Category Archives: Ian Rankin

Simon’s Bookish Bits #2

I think that this might be the last Simon’s Bookish Bits (and its only the third) of 2009 as next Saturday is of course Boxing Day and I will be doing something a little bit festive and Christmas themed. Well I will if the post sorts itself out as I am awaiting some parcels and yet getting some from November instead… interesting. The week after will be all about Bookish Resolutions and of course be 2010, its getting scarily close.

Now as one year starts another one ends. I am planning to give you a full list or two fo my best books of 2009. You can however have a sneak peak of one of my favourites on the Oxford University Press Blog. I was kindly asked by Kirsty, as one of their favourite bloggers, to give a review of one of my favourites along side the delightful company of Vulpes Libris, Dovergreyreader, Kimbofo, Eve’s Alexandria, Random Jottings and Stuck in a Book. Do have a gander it’s a very interesting selection of choices.

Speaking of Kirsty she has written on her blog the list of festive reading she will be partaking in over the festive period. I have also seen festive bookish posts from Paperback Reader and the aforementioned Kimbofo and Simon Stuck-in-a-Book too. One blogger who I know you can help decide what to read over the season, as you are so good at advising me, is Novel Insights. She wants you to help her choose her holiday reads though none are festively themed she has some corkers to look forward too. I have finally whittled down my festive fiction maybes and they will be…


Peyton Place and Great Expectations aren’t festive reads, but they are two reads I have been desperate to read for the last few months and I like the idea of something salacious and something truly classic. The last two choices are some Christmas murder and mayhem from Agatha Christie and Agatha Raisin. Mind you I say first, they haven’t actually turned up though some lovely books sent in November have which is nice…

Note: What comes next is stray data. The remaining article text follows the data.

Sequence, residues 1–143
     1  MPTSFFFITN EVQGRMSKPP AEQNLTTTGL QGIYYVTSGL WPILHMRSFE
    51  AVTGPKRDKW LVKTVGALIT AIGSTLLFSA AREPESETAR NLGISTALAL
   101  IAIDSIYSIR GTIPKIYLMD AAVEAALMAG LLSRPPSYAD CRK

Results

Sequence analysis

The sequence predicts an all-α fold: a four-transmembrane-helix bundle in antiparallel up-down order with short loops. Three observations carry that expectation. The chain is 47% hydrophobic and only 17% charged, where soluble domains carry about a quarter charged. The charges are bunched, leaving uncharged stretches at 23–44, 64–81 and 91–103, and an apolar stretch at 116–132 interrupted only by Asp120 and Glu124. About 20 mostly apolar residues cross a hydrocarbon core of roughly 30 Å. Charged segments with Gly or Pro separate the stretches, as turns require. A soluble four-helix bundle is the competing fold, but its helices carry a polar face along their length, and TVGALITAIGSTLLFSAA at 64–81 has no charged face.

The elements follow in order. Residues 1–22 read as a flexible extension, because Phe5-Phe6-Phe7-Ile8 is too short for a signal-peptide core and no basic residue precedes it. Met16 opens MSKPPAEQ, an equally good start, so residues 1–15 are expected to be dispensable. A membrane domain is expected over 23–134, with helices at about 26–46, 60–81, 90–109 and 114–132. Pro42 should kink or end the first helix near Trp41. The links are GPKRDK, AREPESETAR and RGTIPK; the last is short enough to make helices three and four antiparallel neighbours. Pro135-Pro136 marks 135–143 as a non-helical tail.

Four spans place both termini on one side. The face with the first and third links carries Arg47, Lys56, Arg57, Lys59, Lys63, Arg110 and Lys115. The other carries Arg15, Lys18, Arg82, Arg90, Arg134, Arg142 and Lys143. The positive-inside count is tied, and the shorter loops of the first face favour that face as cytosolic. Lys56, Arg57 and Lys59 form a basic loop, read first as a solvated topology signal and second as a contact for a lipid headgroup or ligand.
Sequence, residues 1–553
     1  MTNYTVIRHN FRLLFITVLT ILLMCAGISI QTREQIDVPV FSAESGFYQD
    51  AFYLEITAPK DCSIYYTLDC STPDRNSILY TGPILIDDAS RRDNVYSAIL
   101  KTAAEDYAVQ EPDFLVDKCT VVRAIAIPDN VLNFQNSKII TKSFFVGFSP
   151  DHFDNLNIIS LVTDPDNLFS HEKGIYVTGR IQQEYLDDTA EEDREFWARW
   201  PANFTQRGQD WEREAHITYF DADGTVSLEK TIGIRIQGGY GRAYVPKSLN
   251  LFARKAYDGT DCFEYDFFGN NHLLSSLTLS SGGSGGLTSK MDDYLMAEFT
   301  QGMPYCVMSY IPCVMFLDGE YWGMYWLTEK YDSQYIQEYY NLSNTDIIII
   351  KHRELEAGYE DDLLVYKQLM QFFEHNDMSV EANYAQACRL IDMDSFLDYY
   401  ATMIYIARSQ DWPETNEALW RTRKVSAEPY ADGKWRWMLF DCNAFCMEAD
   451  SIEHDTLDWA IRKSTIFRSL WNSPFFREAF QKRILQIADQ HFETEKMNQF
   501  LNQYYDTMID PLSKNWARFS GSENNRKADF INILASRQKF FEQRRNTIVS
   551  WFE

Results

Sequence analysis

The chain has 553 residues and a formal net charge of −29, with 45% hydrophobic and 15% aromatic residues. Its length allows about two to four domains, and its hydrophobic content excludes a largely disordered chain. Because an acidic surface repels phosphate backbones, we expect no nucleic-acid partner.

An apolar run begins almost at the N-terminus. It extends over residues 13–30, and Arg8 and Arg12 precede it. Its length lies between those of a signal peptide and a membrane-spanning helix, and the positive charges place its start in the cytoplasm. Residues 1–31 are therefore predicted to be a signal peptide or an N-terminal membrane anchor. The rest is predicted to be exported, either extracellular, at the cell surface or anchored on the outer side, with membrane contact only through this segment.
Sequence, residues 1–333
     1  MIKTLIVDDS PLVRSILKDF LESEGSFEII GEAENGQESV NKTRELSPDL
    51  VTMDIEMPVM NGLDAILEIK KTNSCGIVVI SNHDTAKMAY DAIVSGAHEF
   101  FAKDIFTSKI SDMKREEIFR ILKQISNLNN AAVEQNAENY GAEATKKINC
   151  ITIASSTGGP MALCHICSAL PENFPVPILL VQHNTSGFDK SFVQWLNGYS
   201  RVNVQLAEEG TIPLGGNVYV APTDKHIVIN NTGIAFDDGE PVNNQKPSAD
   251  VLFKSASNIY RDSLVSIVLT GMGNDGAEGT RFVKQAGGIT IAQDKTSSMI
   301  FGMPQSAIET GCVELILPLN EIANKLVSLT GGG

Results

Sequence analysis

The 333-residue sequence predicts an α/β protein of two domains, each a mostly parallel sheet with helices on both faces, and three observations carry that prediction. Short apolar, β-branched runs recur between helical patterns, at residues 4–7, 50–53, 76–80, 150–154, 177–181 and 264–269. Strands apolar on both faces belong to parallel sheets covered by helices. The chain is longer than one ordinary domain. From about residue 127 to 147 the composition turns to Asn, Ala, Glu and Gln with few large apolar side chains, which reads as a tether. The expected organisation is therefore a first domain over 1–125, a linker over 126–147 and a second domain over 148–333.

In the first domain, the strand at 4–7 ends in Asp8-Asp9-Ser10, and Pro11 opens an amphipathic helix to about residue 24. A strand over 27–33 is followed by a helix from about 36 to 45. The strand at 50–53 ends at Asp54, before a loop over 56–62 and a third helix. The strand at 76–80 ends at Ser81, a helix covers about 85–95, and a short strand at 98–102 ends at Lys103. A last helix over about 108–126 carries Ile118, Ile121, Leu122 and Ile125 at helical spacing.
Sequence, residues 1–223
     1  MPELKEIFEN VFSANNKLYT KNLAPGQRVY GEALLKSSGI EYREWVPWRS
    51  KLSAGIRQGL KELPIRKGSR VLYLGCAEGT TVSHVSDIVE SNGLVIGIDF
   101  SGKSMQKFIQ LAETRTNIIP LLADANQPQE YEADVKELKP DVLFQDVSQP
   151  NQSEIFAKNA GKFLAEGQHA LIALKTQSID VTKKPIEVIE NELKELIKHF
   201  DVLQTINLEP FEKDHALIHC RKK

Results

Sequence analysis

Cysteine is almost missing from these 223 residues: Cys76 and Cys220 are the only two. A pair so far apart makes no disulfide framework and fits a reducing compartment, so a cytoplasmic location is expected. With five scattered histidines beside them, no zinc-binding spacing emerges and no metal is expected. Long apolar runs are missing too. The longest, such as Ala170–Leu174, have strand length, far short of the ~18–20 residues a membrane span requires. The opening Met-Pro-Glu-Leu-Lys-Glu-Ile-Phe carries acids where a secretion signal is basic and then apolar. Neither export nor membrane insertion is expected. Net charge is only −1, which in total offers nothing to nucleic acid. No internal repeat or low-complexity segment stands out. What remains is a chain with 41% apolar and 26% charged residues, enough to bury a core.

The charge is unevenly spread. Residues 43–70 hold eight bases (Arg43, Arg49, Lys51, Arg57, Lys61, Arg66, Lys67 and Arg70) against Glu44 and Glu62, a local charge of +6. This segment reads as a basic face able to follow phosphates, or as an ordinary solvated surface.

• Precious by Sapphire (which I want to start now)
  • The Passport – Herta Muller
  • Doors Open – Ian Rankin
  • Firmin – Sam Savage (whose name is a bit too like mine)
  • An Equal Stillness – Francesca Kay
  • An Elergy for Easterly – Petina Gappah
  • The Confessions of Edward Day – Valerie Martin
  • The Complaints – Ian Rankin

Looks like I have some more crime to go. In the world of podcasts it’s a little out of date in parts but my podcast of the week is from Faber and Faber. I only found it yesterday and there were so many podcasts they had I wanted to listen to by some of their top authors it was a gem of a find. Pop to their homepage, scroll down and you can download them all. 

Now finally something not bookish at all but I had to share with you all a little bit of pre-Christmas joy that I have bought myself. I have been looking for one of these for absolutely ages to go on my new desk and finally I find one…

That’s right an original 1980’s dial phone… for £2 and its been converted for new phone lines already. I was ecstatic. Right that is me done and dusted for now. So what’s been going on in all of your bookish worlds this week? What books have you loved? What are you reading at the moment? What’s news?



Filed under Book Thoughts, Herta Muller, Ian Rankin, Petina Gappah, Sam Savage, Sapphire, Simon's Bookish Bits, Valerie Martin

Tooth & Nail – Ian Rankin

I was introduced to Ian Rankin last year thanks to my mother and my Gran’s neighbour Bernie, my Gran herself doesn’t like Ian Rankin and the Rebus stories. Before I read his work I decided to read about him and found the fact he based the first book sort of around ‘Dr Jekyll & Mr Hyde’ fascinating and decided I had to give him ago, as always I had to do this in the order of the series, so while everyone is now on Exit Music I am trundling along slowly behind. From book one ‘Knots and Crosses’ I was hooked, I love the setting, the writing and I am obviously becoming a big crime novel fan.

This, the third instalment, was originally named ‘Wolfman’ after the murderer in the novel, aptly named as they bite their victim and also as the first body is found in Wolf Street in London’s East End, a brilliant setting for a body finding very Jack the Ripper. This is the major change from the earlier Rebus novels which so far have all been set in Edinburgh, one of my favourite cities, however Rebus was still dealing with the same issues of family, work and women (a new female psychologist in particular) only in the city I live in which I quite enjoyed seeing him in. It adds an edge of unevenness to Rebus as he’s not on his home turf. It also sees him reporting to Scotland Yard and has that added bit of pressure.

This is my favourite of the Rebus novels so far with a much darker feel again from its predecessor and with a few more twists, turns and thrills. If they keep getting better and better then I can’t wait until I get to Exit Music, though I do have quite a few books to get through first, and that’s only the Rankin ones let alone all the others!

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Filed under Ian Rankin, Orion Publishing, Review